A top tourism and recreation specialist is calling on Idaho's growing industry to forge a plan for future development that will capitalize on what he called "a prime product that more and more Americans want."

"Idaho is right on the threshold of some really exciting times," John Hunt, head of the University of Idaho's Department of Resources Recreation and Tourism, told the Governor's Conference on Recreation and Tourism."We can either screw it up or make it good," he said, adding that the key to success is cooperation among government, communities and the industry in drafting a state tourism plan that will address the competitive atmosphere that exists for today's more sophisticated travelers.

And Gov. Cecil Andrus, addressing the conference Friday evening, joined Hunt in urging all segments of the industry to speak with a unified voice as they try to increase repeat vacationers and convince those coming during one season to return during the others.

"We all know that Idaho is a special place all year around," Andrus said. "Your influence and your effectiveness as an industry grows when you can speak as a united group, and that's another reason why the scope of this conference now includes outfitters, guides and other recreation professionals."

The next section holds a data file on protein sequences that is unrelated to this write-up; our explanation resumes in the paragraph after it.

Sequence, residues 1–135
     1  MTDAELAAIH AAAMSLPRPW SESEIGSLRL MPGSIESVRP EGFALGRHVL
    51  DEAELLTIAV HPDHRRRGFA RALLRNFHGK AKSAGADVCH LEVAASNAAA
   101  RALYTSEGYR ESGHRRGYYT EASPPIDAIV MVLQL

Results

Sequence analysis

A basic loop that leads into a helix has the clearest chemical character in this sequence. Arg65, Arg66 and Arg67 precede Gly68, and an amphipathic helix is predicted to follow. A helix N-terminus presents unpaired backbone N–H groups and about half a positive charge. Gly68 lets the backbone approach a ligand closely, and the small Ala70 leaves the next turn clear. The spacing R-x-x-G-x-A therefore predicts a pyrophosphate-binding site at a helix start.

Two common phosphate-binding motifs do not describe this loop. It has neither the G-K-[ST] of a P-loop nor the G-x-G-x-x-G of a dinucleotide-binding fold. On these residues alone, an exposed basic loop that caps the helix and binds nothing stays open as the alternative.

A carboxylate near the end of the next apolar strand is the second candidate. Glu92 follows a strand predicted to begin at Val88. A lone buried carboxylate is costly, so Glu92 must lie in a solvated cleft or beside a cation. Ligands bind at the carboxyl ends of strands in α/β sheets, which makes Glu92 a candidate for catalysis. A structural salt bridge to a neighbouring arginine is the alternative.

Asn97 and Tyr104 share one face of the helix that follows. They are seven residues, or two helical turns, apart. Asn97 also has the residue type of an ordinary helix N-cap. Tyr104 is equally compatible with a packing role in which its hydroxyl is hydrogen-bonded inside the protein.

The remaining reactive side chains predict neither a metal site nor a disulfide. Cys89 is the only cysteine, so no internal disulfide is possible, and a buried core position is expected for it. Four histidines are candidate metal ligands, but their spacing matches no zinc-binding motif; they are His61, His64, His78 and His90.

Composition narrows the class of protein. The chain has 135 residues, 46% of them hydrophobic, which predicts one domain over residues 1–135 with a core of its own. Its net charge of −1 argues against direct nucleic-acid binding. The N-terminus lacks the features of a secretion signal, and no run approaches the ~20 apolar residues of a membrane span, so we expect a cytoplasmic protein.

With emphasis on making Idaho a vacation destination rather than just another state to pass through, Hunt said it was up to the industry to maximize all its assets in striving to attract the visitor of tomorrow who will be looking for shorter one-stop vacations that include "back-to-nature" adventures.

Hunt cited the drawing power of national parks and predicted Idaho would have at least one national park by the end of the century.

"Our challenge will be in positioning Idaho as a place that can enhance family togetherness in a quality, leisure setting," Hunt said.

And Andrus urged industry leaders to remember why their business has been booming.

"We must maximize the protection of what brings people here to play - spectacular and unspoiled wild lands, sparkling water and clean air," the governor said. "We must maintain the character of our state to continue the expansion of the economy through this industry."

"The future for this industry," he said, "is limited only by our ability to continually improve and protect our product and market it successfully."